Hokkien Fried Prawn Mee has become, in most places, more like a Pasta than a true Fried Noodle. What I mean is that in a lot of places, the noodles aren’t really fried but simply cooked in the wok and then the gravy is poured over it and allowed to thicken. That’s what you do with a Pasta dish. But when it comes to a truly delicious Fried Hokkien Mee, the noodles themselves need to be fried till it becomes slightly burnt so that it has a wonderful “Mamee” (Instant Noodle) sort of flavour and is ready to absorb all the stock when it is added. So if you want a good Hokkien Mee, you got to observe how long the hawker spends actually frying the noodle before adding the gravy. When they get the timing right, the result is magic.
Well, the uncle at this stall is quite an expert at frying the noodles. A good Hokkien Mee man would swirl the noodles around the wok and avoid cutting the noodles unnecessarily unlike a Mee Goreng man. It makes perfect sense that you want the noodles long since you want to slurp it with a pair of chopsticks rather than spooning it like you would a Mee Goreng. His technique produced a Hokkien Mee with excellent texture and the gooeyness of the gravy covering each strand of noodles was almost perfect. It is just too bad that it was just after the Hari Raya period, so the fishermen haven’t been going out to sea to catch wild prawns. Otherwise the man would have used “Sua Lor” instead of farmed prawns which I expect would have made the taste of the Hokkien Mee even better. 4.25/5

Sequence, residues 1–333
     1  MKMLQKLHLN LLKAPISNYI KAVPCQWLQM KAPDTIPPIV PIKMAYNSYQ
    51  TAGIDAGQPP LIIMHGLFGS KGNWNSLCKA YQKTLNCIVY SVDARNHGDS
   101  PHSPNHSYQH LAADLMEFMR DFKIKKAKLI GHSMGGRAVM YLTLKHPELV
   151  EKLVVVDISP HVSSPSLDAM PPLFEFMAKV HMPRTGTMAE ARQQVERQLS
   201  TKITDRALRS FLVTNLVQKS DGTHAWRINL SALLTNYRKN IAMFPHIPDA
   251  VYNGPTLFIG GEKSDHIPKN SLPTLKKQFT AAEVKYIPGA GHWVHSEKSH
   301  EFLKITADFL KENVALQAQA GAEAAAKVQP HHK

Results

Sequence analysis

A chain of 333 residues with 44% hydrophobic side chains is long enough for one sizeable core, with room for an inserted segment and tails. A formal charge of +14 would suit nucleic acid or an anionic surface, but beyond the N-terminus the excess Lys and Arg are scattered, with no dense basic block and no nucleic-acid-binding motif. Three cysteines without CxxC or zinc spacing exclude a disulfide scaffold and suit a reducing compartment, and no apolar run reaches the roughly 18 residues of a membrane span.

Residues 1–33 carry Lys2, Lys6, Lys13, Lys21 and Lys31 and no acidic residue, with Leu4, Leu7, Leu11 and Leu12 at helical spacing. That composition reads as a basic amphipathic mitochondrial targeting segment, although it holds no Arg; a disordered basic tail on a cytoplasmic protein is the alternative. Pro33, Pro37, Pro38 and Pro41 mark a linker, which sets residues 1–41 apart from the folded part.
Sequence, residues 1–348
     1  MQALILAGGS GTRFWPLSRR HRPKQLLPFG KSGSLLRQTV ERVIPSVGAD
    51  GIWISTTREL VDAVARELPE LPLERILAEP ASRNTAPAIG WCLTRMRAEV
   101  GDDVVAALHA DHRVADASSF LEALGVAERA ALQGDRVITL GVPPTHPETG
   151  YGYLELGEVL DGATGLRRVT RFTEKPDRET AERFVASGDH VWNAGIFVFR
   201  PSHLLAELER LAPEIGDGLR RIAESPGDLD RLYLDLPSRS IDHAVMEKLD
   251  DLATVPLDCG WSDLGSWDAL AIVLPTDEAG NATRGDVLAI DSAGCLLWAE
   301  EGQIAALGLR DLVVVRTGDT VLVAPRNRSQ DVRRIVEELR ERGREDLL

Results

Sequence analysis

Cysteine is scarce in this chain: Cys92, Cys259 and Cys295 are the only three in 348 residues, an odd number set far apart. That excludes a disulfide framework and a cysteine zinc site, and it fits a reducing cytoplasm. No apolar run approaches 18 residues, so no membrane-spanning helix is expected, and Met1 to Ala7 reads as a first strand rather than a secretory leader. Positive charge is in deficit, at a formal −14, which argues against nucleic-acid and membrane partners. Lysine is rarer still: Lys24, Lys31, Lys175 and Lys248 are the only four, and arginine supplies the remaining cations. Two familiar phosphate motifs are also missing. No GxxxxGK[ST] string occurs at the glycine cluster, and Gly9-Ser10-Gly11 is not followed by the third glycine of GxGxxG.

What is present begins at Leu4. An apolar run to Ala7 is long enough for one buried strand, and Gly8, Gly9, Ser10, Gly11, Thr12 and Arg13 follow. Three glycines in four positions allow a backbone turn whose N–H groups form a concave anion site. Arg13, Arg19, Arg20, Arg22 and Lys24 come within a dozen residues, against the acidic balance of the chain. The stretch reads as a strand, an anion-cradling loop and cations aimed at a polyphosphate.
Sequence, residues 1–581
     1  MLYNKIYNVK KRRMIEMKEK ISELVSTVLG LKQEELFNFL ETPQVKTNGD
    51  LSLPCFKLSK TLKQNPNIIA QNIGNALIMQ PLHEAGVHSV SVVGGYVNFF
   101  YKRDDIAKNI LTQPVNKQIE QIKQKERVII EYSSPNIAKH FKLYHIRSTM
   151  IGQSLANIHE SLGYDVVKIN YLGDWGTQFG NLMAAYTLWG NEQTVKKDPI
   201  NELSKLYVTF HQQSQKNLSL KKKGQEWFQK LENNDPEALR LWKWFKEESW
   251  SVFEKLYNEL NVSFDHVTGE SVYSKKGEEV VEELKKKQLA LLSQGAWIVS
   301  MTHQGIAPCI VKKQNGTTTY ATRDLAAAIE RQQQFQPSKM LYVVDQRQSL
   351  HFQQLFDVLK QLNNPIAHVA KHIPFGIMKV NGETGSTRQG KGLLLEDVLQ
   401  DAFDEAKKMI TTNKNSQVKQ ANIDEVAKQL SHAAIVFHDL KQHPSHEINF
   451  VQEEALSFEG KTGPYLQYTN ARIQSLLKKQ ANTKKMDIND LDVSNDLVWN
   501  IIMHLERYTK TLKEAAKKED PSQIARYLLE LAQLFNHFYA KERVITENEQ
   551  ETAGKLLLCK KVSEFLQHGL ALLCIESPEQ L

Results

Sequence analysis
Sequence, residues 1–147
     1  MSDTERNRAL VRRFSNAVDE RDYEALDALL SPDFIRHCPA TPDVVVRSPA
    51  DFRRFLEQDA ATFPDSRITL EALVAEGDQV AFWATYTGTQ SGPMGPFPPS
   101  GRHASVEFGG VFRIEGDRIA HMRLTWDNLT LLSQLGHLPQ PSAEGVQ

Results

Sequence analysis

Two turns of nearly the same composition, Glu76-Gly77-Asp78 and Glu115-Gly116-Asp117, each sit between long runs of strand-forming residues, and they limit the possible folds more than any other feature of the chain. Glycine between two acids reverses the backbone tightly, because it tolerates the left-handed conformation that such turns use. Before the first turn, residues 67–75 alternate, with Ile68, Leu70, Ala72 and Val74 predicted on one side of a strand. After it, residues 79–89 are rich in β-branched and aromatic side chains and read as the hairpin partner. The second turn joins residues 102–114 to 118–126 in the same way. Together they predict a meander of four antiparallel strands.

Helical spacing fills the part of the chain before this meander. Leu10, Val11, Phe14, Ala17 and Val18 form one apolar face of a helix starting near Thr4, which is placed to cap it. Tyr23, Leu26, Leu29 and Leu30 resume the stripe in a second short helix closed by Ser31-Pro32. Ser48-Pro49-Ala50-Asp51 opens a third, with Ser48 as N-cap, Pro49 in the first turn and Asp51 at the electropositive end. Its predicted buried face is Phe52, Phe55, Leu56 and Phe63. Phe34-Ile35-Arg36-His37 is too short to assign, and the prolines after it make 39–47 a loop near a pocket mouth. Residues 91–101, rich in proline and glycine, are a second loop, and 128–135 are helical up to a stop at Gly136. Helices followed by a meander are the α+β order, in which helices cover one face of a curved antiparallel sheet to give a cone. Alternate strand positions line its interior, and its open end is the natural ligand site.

Gotta go back and try again when the man gets his usual supply of “Sua Lor”. I am sure it would be considered one of the best Hokkien Mees around.
Yang Zhou Fried Hokkien Mee